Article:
Keep writing and keep submitting your work for publication.
That’s the advice Karin Lin-Greenberg, M.F.A., gives to her creative writing students at Siena. That same persistent attitude and dedication to craft just earned her a spot as a finalist for the Chicago Tribune’s annual Nelson Algren Literary Award for short fiction. Her story, “The Sweeper of Hair” was selected as one of the five best stories out of nearly 4,500 entries.
Lin-Greenberg, who teaches in the English department, says her inspiration for writing can come from anywhere, and the tiny details that make up a day can land in one of her stories to make it ring true to life.
“The Sweeper of Hair” tells the story of nine-year-old Jackson Huang, who spends afternoons at the salon in the near-empty mall where his mother is a hair stylist. A chance encounter in the mall’s food court with a once-famous magician who, because of Parkinson’s, can no longer perform magic tricks leads Jackson to understand the fragility of the human body.
“I looked at the link between the aging body, as seen with the magician and the character of Belinda in the salon, and the crumbling mall with so few tenants left,” she said. “There’s a lifespan for everything and everyone.”
She was also struck by the variety of people who make their way to malls for whatever reason.
“You find people there who wouldn’t interact anywhere else in society.”
Lin-Greenberg is no stranger to literary awards. Her 2014 story collection Faulty Predictions won the Flannery O’Connor Award for Short Fiction and won gold in Foreword Reviews’ INDIES Award in the Short Story category. Her work has been published in literary journals including Boulevard, Colorado Review, New Ohio Review, and Shenandoah.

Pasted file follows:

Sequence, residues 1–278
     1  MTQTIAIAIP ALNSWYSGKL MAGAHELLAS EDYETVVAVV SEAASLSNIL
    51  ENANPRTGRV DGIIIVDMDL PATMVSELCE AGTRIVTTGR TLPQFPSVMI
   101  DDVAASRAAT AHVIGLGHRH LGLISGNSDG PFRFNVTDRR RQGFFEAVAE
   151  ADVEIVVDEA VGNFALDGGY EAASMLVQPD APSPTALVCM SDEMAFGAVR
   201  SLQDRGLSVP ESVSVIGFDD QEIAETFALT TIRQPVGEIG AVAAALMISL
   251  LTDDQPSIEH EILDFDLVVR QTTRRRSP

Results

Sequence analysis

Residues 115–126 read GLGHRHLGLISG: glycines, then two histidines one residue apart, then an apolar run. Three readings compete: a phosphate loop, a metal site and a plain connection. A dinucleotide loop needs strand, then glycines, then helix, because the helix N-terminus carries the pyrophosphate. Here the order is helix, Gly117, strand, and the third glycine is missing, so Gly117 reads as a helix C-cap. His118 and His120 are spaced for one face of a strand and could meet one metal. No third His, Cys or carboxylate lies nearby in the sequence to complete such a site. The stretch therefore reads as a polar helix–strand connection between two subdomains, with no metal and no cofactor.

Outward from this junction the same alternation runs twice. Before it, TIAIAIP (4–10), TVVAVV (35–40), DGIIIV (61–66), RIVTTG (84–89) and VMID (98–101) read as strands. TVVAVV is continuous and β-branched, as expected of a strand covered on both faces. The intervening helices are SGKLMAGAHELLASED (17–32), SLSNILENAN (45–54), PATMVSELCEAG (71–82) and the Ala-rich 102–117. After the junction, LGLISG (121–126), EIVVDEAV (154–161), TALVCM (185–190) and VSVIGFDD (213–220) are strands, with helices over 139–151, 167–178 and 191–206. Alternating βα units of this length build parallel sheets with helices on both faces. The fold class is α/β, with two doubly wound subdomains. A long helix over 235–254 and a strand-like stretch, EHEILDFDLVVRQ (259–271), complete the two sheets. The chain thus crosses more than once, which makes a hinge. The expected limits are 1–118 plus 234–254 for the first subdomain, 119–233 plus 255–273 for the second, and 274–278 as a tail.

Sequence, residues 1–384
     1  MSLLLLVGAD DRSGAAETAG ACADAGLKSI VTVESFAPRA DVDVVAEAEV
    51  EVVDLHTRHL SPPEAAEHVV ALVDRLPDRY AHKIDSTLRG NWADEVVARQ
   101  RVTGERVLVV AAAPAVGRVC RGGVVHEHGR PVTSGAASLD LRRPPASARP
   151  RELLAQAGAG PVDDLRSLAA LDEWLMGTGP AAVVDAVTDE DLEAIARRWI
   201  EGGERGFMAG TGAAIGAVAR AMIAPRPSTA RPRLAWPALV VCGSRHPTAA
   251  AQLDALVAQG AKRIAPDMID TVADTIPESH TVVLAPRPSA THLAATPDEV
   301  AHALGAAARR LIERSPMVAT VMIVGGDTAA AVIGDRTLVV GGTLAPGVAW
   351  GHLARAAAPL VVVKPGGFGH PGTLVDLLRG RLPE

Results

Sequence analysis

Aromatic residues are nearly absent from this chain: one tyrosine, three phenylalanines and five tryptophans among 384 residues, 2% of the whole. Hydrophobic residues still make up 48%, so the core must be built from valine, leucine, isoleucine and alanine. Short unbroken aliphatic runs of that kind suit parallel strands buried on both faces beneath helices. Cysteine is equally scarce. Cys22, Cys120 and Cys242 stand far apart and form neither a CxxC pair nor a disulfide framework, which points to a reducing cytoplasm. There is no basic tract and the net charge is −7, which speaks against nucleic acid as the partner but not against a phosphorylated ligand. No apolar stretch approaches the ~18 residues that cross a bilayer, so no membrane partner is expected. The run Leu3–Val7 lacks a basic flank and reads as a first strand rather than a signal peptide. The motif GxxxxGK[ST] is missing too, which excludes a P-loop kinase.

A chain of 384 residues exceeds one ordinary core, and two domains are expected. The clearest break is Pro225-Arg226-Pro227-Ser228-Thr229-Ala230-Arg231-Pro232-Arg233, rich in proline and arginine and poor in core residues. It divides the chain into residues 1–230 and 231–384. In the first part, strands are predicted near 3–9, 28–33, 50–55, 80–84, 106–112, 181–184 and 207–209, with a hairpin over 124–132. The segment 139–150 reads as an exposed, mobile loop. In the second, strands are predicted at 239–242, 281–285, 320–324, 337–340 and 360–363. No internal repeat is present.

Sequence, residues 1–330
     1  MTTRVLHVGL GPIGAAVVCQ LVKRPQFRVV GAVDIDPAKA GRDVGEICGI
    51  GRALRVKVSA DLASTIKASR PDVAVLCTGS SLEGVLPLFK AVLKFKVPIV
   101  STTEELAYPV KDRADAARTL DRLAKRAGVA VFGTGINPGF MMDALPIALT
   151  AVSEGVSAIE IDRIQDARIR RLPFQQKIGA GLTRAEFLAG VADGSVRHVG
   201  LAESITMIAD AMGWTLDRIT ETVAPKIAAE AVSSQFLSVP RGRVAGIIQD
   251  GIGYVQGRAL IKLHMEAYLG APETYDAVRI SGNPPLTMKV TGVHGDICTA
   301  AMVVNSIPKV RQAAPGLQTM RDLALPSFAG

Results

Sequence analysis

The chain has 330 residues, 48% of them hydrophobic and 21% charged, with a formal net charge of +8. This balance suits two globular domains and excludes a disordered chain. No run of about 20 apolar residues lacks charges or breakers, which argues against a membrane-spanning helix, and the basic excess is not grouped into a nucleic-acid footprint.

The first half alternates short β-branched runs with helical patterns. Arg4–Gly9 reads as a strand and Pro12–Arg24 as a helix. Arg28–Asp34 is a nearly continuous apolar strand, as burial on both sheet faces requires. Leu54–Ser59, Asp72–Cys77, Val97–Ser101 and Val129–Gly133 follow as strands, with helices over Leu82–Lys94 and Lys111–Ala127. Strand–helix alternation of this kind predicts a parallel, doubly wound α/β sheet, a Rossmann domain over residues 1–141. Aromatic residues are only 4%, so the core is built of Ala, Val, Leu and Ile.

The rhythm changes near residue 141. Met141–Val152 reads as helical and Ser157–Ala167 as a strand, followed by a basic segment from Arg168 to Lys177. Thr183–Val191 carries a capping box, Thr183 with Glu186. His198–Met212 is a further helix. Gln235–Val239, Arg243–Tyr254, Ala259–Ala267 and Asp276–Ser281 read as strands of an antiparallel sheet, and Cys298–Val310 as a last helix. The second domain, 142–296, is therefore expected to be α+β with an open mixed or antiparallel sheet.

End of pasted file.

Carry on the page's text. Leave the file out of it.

“The Sweeper of Hair” is the first in what she plans to be a new series of linked stories that could be published individually or as a collection. She’ll be working on this project while on sabbatical for the 2018-19 academic year.
After the writing and revising comes the task of submitting work for publication – the business end of a creative process. Even the best writers have to deal with rejection, and Lin-Greenberg reminds her students (and herself) that patience and persistence are the name of the game when it comes to getting your work into print.
“I try to be honest with them. It takes a long time to learn how to write well, and then many tries to get published. You can submit something 20, 30, 40 times before getting accepted.”
Lin-Greenberg tells her students that being in a writing class is an excellent place to hone their craft and get constructive feedback from other writers.
“Seek out a community of like-minded people and share your work with others.”